Academic journal article Child Welfare

Caregiver Substance Abuse among Maltreated Children Placed in Out-of-Home Care

Academic journal article Child Welfare

Caregiver Substance Abuse among Maltreated Children Placed in Out-of-Home Care

Article excerpt

Child protective services (CPS) case records of 639 children placed in out-of-home care due to maltreatment were reviewed, and substance abuse by the child's caregiver prior to the child's placement was evaluated systematically. Based on several different sources of information, 79% of the caregivers were found to meet the criteria for caregiver substance abuse (CSA). Children with and without evidence of CSA differed on age, ethnicity, family composition, and type of maltreatment. The importance of operational specificity in defining CSA and implications for policy and service delivery are discussed.

Parental substance use and abuse have become major issues for the child welfare system [Dore et al. 1995]. Although the link between child abuse and parental substance abuse was identified more than three decades ago [Behling 1979; Leonard & Jacob 1988; Young 1964], the nature and extent of this relationship has yet to be clearly delineated. Many theories about the causal relationships between these two behaviors have been postulated. Some writers have argued that the disinhibitory effects of alcohol and other substances make those who use them more apt to engage in violent behavior [Mitchel & Savage 1991]. Alternatively, the substances may have a sedating effect on users, resulting in their inability to respond to their children's needs appropriately [Hindman 1977]. Others have proposed that the fussiness and difficult behaviors of babies born to substance-abusing women place these children at increased risk for abuse [Griffith 1988]. Still others purport that a third factor, such as poverty, stress, or maltreatment experienced by the parents, could account for both the substance use by and the abusive behavior among caregivers [Orme & Rimmer 1981].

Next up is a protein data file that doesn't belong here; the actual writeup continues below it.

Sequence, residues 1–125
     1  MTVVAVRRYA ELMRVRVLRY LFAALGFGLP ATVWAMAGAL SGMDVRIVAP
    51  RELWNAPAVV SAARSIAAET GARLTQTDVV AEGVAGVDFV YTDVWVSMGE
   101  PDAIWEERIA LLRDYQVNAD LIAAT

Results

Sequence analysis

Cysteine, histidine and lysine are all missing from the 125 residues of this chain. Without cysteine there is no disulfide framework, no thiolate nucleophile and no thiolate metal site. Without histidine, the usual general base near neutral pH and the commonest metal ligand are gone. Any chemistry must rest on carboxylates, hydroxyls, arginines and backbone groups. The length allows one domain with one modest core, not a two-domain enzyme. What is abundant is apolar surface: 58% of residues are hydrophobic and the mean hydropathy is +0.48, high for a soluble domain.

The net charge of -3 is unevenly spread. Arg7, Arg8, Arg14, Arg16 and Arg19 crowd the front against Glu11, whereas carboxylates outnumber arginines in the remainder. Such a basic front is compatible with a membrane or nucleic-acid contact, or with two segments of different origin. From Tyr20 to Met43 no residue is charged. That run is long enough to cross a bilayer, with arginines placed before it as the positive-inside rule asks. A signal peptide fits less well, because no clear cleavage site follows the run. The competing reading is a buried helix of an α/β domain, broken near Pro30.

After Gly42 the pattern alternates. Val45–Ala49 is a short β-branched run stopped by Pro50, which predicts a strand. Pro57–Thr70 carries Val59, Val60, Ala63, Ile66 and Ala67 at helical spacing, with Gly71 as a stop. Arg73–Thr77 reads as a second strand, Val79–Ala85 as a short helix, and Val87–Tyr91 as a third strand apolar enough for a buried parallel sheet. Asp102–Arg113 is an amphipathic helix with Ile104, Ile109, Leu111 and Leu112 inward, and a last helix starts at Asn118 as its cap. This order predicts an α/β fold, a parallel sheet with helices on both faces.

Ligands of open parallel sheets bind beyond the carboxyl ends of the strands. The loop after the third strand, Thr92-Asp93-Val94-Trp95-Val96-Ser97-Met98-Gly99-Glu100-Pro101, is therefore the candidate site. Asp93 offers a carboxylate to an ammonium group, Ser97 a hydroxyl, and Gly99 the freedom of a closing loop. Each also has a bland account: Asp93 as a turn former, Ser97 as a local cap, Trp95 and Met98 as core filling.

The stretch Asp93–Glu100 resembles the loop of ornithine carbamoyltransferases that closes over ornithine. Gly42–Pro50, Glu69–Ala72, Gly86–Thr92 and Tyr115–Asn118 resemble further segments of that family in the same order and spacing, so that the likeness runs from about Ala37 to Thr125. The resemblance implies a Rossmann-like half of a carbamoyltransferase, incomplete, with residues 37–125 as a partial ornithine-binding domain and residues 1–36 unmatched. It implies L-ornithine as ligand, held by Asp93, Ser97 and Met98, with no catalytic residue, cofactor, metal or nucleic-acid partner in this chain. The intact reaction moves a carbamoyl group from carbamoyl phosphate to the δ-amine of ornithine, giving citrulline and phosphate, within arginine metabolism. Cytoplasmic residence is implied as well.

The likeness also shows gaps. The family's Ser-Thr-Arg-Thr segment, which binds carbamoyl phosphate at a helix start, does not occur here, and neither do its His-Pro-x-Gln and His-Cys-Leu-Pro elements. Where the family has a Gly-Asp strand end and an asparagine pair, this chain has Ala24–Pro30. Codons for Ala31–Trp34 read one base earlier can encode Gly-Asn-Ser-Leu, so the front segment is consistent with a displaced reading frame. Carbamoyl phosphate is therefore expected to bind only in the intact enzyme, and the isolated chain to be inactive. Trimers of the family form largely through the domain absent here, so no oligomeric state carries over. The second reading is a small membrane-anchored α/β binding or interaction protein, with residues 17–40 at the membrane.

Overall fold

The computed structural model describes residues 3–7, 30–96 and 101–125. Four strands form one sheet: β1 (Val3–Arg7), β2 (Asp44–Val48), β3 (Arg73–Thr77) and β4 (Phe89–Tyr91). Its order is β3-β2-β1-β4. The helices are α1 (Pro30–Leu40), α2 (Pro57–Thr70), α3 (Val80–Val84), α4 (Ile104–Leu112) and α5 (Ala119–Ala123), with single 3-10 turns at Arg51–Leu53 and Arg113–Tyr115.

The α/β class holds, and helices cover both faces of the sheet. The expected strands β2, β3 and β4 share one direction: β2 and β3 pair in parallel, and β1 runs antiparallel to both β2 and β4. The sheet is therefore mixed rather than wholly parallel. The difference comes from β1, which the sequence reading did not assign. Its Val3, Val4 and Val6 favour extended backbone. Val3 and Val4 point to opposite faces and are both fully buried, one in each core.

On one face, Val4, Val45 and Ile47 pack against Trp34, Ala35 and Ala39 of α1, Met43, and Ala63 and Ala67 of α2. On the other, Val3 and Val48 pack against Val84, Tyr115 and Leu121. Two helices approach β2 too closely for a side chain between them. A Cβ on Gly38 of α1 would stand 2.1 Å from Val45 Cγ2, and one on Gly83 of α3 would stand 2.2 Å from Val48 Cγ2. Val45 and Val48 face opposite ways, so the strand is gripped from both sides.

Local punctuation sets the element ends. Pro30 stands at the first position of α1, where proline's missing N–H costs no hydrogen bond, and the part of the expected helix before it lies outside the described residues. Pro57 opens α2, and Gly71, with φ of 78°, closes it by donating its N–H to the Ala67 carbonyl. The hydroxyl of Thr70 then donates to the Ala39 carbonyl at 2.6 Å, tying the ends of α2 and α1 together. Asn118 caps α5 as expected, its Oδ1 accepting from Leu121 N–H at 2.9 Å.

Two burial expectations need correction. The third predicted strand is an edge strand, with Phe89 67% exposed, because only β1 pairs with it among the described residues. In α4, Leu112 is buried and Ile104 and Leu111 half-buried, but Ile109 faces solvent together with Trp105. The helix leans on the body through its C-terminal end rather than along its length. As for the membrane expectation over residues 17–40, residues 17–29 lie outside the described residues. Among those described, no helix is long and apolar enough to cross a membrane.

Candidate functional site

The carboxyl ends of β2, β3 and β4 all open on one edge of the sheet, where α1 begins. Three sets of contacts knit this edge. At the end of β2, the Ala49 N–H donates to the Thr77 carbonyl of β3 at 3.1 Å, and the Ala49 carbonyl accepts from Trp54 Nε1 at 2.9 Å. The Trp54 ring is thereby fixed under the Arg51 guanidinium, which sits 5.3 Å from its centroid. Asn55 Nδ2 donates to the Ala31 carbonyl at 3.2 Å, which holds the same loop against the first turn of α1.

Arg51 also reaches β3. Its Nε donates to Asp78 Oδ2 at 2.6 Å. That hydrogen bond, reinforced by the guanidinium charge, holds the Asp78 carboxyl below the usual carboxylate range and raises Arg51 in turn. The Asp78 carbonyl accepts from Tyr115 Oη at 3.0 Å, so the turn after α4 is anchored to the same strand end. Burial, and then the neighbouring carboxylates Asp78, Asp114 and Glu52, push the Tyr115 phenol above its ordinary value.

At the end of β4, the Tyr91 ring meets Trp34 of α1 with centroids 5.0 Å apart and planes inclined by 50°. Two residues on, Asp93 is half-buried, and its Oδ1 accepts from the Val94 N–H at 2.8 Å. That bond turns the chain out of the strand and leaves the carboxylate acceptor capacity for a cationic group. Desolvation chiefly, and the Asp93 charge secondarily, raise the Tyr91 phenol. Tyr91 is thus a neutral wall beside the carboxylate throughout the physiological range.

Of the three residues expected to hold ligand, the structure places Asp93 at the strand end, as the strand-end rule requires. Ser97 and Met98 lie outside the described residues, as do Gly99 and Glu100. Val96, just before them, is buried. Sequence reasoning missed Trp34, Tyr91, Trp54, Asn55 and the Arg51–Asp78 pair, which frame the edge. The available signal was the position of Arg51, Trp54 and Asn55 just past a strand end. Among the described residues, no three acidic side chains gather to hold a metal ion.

Before attempting to disentangle the complexities of the relationship between substance use/abuse and child maltreatment, basic questions must be answered. First, the prevalence rate of caregiver substance abuse among families of maltreated children must be established. Current estimates vary widely, and methodologies for classifying substance abuse are not only not standardized, but frequently lack operational definitions within studies. For example, even the terms substance use or involvement versus abuse cause some degree of confusion and are responsible for a lack of comparability across reports. Many writers have used these terms almost interchangeably, particularly in reports put forth by committees conducting surveys within the child welfare system [NCCAP 1994; NCPCA 1989]. It is virtually left to readers to draw their own conclusions about what distinguishes the various terms employed to describe parental consumption of alcohol and drugs. In the review that follows, therefore, the terms used in the actual studies will be maintained, rather than arbitrarily selecting one for use in this article for the sake of consistency.

Coincidence of Child Maltreatment and Substance Abuse

A survey by the National Center on Child Abuse Prevention Research (NCCAP) [1994] attempted to investigate the association between parental substance abuse and reported cases of child maltreatment. When the NCCAP committee asked each state to estimate the number of substantiated cases of child abuse in which substance abuse was implicated, only eight of the 50 states were able to respond. This poor response rate demonstrates the lack of empirical data available to estimate the prevalence of parental substance abuse in maltreated populations. Nevertheless, some information was gathered in the report that substantiated the suspected high frequency of cases in which both parental substance abuse and child abuse are present. For example, in the eight states responding, 26% of the total number of maltreatment cases involved parental substance abuse as well, with a range of 3% to 80% in these states. Among all states that noted increases in the rates of maltreatment reports for 1993, substance abuse was named as a likely contributing factor. …

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